Wednesday, December 17, 2014

Letters Extra: Teachers wish for students' success

While two recent pieces that ran on The Inquirer opinion pages aptly note the school district’s current dire financial situation, they turn a blind eye to the more critical need: sustaining our schools so that today’s and tomorrow’s children receive a quality public education.

Letters Extra: Teachers wish for students' success

Germantown High School graduates celebrate.  CLEM MURRAY / Staff Photographer
Germantown High School graduates celebrate. CLEM MURRAY / Staff Photographer

While two recent pieces that ran on The Inquirer opinion pages aptly note the school district’s current dire financial situation, they turn a blind eye to the more critical need: sustaining our schools so that today’s and tomorrow’s children receive a quality public education.

The teachers and school employees would take exception to the notion that they aren’t willing to sacrifice for their students. As an editorial — and a recent article by Inquirer staff writer Alfred Lubrano — noted, teachers have for years acted as agents to mitigate the impact of poverty on many of our school children. Not only do they purchase classroom supplies not provided by the district, but food, clothing and other essential items. They do this in schools that represent the most challenging working and learning conditions, for significantly less pay than educators in surrounding districts.

In spite of state Education Secretary William E. Harner’s assertion about that Gov. Corbett has increased education spending in Pennsylvania, our state ranks 44th in education spending nationwide. Additionally, most of Harner’s ideas for teacher workrule reforms would do nothing to improve teaching and learning. For example, extending the hours in schools that lack essential materials, resources and programs while eliminating activities like band, clubs, and sports does not result in a better education; a longer school day does not necessarily equal a better school day.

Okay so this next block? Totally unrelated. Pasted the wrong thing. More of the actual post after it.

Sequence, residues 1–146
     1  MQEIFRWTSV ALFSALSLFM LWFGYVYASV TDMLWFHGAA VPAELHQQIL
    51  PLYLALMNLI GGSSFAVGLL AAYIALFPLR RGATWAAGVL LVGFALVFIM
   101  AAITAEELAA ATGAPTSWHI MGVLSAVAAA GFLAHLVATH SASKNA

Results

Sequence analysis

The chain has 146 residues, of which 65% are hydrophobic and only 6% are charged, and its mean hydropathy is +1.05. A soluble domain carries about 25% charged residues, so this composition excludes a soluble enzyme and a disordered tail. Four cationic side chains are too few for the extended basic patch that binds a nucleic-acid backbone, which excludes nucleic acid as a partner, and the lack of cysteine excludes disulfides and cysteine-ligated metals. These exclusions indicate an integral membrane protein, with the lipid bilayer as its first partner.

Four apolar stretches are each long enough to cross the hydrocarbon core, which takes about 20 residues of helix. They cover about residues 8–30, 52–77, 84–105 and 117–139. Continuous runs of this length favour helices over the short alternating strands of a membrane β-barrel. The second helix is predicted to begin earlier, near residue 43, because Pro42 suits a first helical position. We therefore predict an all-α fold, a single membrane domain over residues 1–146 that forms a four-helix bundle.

To some, the teachers’ unnion proposals for creating better schools may be a “wish list.” To us, these proposals are the foundation for better schools. If we continue to let the urgency of the current financial crisis guide our education policy, then we will never see public education flourish in Philadelphia. Shared sacrifice without a shared vision simply means our children will always do without.

Jerry T. Jordan, President Philadelphia Federation of Teachers

About this blog

The Inquirer Editorial Board's Say What? opinion blog showcases the work of the editors and writers who produce the newspaper's daily and Sunday opinion pages.

Find out more about The Inquirer's Editorial Board here.

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